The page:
The Walker Lane belt of eastern California and western Nevada is the northernmost extension of the Gulf of California transtensional rift, where the process of continental rupture has not yet been completed, and rift initiation can be studied on land. GPS and earthquake focal mechanism studies demonstrate that the Walker Lane belt currently accommodates NW-SE–directed movement between the Sierra Nevada microplate and the North American plate, but the timing and nature of rift initiation remains unclear. I present a model for plate-margin-scale initiation of the Gulf of California and Walker Lane transtensional rifts at ca. 12 Ma; localization of rifting in both was initiated by thermal weakening in the axis of a subduction-related arc undergoing extension due to slab rollback, and thermal weakening in the arc was enhanced by stalling of the trenchward-migrating precursor arc against a thick Cretaceous batholithic lithospheric profile on its western margin. Rifting succeeded very quickly in the Gulf of California, due to stalling of Farallon slabs, but the Walker Lane transtensional rift has been unzipping northward along the axis of the Cascades arc, following the Mendocino triple junction. I infer that plate-margin-scale Walker Lane transtension was signaled by the development of an unusually large and voluminous transtensional arc volcanic center, the ca. 11.5–9 Ma Sierra Crest–Little Walker arc volcanic center. I show that the style of faulting in this large Miocene arc volcanic center closely matches that of Quaternary transtensional structures in the central Walker Lane, where it lies, and that it differs from southern and northern Walker Lane structures. This indicates that the temporal transition from E-W Basin and Range extension to NW-SE Walker Lane transtension occurred earlier than most workers have inferred. I also summarize new data which show that the central Sierra Nevada range front (from Long Valley to the Tahoe Basin) lies squarely within the Walker Lane belt, not to the west of it as previous workers have inferred.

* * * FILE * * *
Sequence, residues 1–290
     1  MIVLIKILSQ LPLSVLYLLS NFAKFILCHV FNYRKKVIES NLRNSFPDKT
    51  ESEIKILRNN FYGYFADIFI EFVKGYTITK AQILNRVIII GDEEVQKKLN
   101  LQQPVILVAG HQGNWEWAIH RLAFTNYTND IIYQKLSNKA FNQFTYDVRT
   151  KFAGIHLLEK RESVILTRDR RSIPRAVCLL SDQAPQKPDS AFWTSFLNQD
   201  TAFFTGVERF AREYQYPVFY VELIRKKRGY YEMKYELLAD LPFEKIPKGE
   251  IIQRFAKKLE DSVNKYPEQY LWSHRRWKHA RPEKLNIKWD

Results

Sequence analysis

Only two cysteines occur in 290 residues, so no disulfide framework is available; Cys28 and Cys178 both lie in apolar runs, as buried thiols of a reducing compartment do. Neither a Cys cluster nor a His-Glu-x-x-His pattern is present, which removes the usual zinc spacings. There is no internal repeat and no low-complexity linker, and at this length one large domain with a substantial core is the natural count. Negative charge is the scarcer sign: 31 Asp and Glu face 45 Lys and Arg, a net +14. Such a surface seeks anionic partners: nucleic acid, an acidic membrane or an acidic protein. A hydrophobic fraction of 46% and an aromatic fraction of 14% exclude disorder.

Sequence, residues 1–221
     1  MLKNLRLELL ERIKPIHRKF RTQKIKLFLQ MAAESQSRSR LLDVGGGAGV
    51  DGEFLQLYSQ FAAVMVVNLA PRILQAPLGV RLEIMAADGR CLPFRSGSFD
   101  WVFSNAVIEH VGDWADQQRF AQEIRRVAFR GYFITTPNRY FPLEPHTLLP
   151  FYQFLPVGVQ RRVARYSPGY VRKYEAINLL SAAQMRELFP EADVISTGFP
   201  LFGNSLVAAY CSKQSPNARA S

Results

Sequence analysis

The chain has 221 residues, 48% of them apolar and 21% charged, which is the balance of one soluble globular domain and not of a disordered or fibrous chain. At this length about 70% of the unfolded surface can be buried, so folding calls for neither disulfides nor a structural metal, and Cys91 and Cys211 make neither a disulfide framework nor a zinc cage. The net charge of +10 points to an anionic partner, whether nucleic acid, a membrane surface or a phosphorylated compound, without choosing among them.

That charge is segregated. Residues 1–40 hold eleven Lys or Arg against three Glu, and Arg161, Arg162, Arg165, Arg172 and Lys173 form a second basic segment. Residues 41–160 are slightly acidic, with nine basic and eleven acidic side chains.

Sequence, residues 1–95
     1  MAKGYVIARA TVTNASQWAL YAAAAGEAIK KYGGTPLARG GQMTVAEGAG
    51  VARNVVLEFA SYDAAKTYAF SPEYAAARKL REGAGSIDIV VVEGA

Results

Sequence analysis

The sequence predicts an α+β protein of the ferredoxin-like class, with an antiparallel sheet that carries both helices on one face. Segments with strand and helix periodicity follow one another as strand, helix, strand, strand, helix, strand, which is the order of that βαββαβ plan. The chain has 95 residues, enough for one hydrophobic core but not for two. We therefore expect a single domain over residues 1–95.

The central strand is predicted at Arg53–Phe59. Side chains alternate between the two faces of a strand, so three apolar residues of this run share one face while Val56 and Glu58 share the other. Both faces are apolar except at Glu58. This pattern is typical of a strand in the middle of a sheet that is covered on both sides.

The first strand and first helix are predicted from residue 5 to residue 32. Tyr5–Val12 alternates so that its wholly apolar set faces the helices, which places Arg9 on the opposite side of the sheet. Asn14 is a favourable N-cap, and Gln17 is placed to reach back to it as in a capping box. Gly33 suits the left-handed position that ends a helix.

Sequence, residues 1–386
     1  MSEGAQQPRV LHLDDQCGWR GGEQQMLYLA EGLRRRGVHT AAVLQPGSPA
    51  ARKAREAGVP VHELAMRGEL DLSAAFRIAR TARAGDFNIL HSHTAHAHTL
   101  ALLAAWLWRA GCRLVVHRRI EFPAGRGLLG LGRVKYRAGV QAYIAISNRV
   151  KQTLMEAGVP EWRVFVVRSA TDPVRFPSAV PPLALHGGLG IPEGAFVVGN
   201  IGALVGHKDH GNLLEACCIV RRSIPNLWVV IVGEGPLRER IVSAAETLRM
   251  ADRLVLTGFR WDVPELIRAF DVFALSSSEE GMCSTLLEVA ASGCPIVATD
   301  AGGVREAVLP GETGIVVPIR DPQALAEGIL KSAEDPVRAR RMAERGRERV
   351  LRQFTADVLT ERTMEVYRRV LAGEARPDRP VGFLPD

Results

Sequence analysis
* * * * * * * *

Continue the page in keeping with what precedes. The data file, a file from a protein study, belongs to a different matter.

The leading tip of Walker Lane transtension is marked by large arc volcanic centers sited in transtensional stepovers; these include the ca. 11.5–9 Ma Sierra Crest–Little Walker volcanic center; north of that, the ca. 6.3–4.8 Ma Ebbetts Pass volcanic center; and north of that, the active Lassen volcanic center. In its wake, large rift volcanic centers are sited on transtensional stepovers or bends; these include the Long Valley and Coso volcanic fields. I predict that any <12 Ma large volcanic centers identified by future workers in the Sierra Nevada–Walker Lane region, or in the Gulf of California, will prove to be sited at major releasing bends or stepovers.
- Received 11 March 2013.
- Revision received 24 July 2013.
- Accepted 19 August 2013.
- © Geological Society of America